Sunday, October 31, 2010
Here we go with the official "big one" TV coverage. These were the buzzwords repeated endlessly by Dr. Jerry Punch when he was in the play-by-play role for three years at ESPN.
The pre-race show from Talladega will be on ESPN2. Allen Bestwick is hosting from the Infield Pit Studio with Rusty Wallace, Ray Evernham and Brad Daugherty. It should be interesting to see if they use this hour to acknowledge the controversial finish of the truck series race and discuss the danger the yellow line rule poses today with cars now running 200mph once again.
Marty Reid is going to call the race. This might be his biggest challenge yet as he makes his way through the ESPN Sprint Cup Series races for the first time. Reid is going to have to balance the action on the track with the pictures that ESPN chooses to show.
Time and time again since the Chase began, Reid has been caught working only off the monitors in the TV booth. Incidents and key passes on the track have often been acknowledged by Dale Jarrett and then caught after a delay by the ESPN TV truck.
Jarrett and Andy Petree are going to be front and center at a track where NASCAR looks very closely at what the TV personalities say on the air about the racing. Teams dropping to the back, accidents getting to pit road and last lap incidents have been hot buttons for the sanctioning body.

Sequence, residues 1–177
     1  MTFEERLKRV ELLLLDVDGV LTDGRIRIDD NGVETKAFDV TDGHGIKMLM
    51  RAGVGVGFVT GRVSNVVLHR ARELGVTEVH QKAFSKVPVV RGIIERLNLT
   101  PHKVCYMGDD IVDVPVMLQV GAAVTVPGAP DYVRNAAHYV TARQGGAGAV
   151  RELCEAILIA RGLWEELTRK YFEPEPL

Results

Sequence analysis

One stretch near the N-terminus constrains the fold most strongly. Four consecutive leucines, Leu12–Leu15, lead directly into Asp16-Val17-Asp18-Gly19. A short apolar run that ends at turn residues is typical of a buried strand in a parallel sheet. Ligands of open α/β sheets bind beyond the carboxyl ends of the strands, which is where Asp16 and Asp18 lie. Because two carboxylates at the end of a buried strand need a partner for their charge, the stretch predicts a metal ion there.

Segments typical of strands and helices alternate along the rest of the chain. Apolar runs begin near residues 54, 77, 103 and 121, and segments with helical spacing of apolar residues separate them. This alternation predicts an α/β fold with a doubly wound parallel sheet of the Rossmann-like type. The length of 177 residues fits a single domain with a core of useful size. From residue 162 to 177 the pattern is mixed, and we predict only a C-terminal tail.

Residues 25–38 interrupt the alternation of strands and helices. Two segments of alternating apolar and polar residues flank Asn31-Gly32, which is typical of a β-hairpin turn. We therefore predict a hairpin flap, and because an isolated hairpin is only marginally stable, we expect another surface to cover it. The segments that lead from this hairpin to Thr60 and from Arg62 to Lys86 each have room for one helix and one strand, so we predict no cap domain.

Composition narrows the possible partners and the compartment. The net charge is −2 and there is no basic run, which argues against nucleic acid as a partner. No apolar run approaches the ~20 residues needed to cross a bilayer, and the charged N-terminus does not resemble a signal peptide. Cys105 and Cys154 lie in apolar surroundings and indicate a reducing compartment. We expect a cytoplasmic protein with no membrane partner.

On pit road will be Punch, Jamie Little, Vince Welch and Dave Burns. This is the race where tempers overflow like no other. Short-track beating and banging pales in comparison to the high-speed danger of this superspeedway. It should be interesting to see the pit reporters interact with drivers out of the race and after the event is over. Tim Brewer will be in the Tech Garage.
SPEED televised the truck series race on Saturday and it was a pleasure to watch. Overhead shots and wide angles let viewers see the racing through the pack as it played-out. Pit road reporters updated the key teams and the pit stops in detail.
This race has potential to boost NASCAR TV ratings for the rest of the season. A compelling and exciting telecast will go a long way toward erasing some of the blunders from ESPN this season, including the poor coverage at Martinsville.
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